In the January issue of Corporate Counsel magazine, David Walton, a member of the firm’s Labor & Employment Department, discusses the rise in Trade Secret litigation. The article, which notes that trade secret litigation in federal and state courts has doubled between 1995 and 2004 and is on pace to double again by 2017, focuses on the two recent court cases involving Motorola, and the uptick in employees being accused of stealing trade secrets. Walton notes that with all the new technology, it is easier to steal trade secrets. “It’s much easier to steal the proverbial secret sauce now, because that recipe isn’t just sitting in a notebook in a shelf somewhere.” Adding that cloud systems are seemingly increasing the problem now that employees can just download files to places like Dropbox. “It used to be in these types of cases you would just check the emails and flash drives to see if they were taking documents. It’s more complicated, and it’s only going to get more complicated.” However, new technology also makes it easier to track the theft, noting that every electronic transfer leaves a footprint.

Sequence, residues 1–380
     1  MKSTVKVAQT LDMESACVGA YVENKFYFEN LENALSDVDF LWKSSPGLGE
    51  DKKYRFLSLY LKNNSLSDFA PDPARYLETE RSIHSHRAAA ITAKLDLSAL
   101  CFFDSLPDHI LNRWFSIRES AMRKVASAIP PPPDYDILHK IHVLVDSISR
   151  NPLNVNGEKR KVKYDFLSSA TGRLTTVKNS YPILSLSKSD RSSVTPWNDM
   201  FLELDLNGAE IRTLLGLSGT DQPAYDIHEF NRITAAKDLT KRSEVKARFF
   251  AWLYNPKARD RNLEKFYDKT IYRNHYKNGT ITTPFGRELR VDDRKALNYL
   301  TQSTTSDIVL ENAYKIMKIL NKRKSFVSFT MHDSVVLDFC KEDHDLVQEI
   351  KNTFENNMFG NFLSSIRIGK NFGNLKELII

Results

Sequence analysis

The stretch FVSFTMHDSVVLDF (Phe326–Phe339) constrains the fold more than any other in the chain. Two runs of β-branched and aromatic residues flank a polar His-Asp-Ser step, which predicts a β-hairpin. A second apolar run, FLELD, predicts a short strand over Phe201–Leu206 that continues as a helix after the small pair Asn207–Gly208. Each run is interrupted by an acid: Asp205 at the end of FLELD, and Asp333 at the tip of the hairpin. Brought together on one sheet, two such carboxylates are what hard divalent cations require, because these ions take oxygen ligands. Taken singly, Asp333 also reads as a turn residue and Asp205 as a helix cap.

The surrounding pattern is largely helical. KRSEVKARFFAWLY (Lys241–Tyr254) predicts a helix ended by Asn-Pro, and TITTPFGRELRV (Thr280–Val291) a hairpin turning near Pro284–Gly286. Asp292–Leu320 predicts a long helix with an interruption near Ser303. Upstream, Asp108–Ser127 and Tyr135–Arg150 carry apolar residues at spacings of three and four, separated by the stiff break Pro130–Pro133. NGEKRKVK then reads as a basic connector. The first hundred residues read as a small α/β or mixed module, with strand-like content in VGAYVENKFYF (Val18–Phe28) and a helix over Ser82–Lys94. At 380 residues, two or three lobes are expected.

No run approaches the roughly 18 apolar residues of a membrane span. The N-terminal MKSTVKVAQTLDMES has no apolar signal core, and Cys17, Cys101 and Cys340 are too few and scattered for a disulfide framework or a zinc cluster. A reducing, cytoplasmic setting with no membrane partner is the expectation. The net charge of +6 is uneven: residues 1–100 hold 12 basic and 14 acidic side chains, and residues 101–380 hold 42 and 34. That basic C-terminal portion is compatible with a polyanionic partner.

Walton also discusses the paranoia that has gripped some smaller companies when it comes to trade secrets. This paranoia has led to some embarrassing scandals. Walton warns companies, “You always have to look for the innocent explanations and be careful. … You have to let the evidence be its own advocate.”